Relatives of a helicopter instructor and passenger killed in a 2014 midair collision at Frederick Municipal Airport are poised to take a wrongful death suit to court next year.
Christopher Parsons, of Westminster, was working as a flight instructor with Advanced Helicopter Concepts on Oct. 23, 2014, when a Cirrus plane collided with his helicopter, killing him and his passengers, Breandan MacFawn, of Cumberland, and William Jenkins, of Colorado.
Parsons’ widow, Ashlee Renae Parsons, and his parents, Nancy and Keith Parsons, are suing the contractors that operate the air traffic control tower, Midwest Air Traffic Control Service, and the pilot of the plane involved in the crash with the helicopter, Scott Vincent Graeves.
Jenkins’ widow, Noelle Jenkins, is also a plaintiff in the suit.
A two-week civil trial is scheduled to begin March 27.
The plaintiffs accused Midwest Air Traffic Control Service and Graeves of negligence resulting in wrongful death and requested a judgment of more than $75,000.
The suit contends that air traffic controllers, knowing of the plane’s approach, failed to alert Graeves to the helicopter’s position or let Parsons know about the plane’s descent.
The controller told Graeves there were three helicopters below him in the traffic pattern, according to the complaint. The pilot responded that he could see only two of them. Despite that, the controller cleared him to land and he began to descend.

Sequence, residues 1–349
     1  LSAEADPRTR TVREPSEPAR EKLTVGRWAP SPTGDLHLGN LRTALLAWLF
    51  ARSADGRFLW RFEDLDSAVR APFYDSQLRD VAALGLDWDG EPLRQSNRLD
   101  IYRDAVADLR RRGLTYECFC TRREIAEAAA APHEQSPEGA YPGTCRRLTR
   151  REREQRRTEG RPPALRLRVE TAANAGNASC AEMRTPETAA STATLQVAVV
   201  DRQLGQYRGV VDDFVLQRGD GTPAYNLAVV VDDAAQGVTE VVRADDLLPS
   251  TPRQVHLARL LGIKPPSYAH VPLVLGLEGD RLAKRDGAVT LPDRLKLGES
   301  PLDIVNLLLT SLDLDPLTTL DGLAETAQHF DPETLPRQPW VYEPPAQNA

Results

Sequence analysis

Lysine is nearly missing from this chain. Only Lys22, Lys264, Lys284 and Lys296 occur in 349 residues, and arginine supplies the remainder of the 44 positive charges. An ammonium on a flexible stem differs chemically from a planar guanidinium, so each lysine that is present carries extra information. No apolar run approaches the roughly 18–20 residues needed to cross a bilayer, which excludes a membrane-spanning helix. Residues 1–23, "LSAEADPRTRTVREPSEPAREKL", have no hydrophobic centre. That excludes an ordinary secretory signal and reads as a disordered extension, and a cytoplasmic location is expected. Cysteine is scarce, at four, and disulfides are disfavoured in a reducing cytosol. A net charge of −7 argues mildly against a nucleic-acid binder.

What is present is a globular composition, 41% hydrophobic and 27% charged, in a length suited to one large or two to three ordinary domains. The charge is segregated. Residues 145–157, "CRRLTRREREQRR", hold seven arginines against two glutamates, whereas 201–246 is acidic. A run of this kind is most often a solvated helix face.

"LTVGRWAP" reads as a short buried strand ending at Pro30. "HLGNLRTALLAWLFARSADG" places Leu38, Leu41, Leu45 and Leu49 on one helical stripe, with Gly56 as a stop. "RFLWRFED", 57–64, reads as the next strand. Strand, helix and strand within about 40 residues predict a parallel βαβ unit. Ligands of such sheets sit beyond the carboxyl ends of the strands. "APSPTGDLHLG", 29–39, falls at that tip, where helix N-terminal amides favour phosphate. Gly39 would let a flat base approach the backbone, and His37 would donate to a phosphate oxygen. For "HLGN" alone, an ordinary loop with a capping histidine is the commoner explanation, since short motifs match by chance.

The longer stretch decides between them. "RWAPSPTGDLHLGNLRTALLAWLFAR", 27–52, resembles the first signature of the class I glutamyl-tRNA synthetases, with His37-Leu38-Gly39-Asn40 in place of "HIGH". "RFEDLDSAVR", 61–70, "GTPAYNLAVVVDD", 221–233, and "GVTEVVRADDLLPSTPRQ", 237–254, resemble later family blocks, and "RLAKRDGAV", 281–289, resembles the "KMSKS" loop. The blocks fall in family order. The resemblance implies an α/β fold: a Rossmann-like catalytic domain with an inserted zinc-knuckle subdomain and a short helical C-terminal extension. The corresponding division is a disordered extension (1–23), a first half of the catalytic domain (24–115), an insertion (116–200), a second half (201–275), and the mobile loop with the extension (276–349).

The traffic control services and the pilot both denied acting negligently.
The National Transportation Safety Board’s final report on its investigation into the crash concluded that — based on a transmission sent from the air traffic control tower advising of traffic during the single-engine Cirrus SR22 airplane’s approach to the landing zone — each pilot “was or should have been aware of the other” and “should have had the situational awareness to understand the conflict potential.”
The report, known as the probable cause report, is not admissible as evidence. Federal law prevents the reports from being used in lawsuits in to keep the investigation process from being affected by concerns that it may be used in court.
Midwest Air Traffic Control Services filed a complaint on Nov. 24 against Advanced Helicopter Concepts, saying that the company was primarily responsible for the fatal crash. The helicopter flight school denied that charge.
Three weeks later, Graeves filed a cross-claim against Midwest Air Traffic Control Service and Advance Helicopter Concepts, alleging that the helicopter pilot and air traffic controllers were responsible for the crash.
Gregory S. Winton, an attorney for the relatives of MacFawn, said he filed a suit on behalf of the passenger’s survivors and that it had been resolved. He did not disclose the amount of the settlement.
Winton also filed a claim with the Federal Aviation Administration, he said. If the claim is denied, that could pave the way for a suit against the federal government.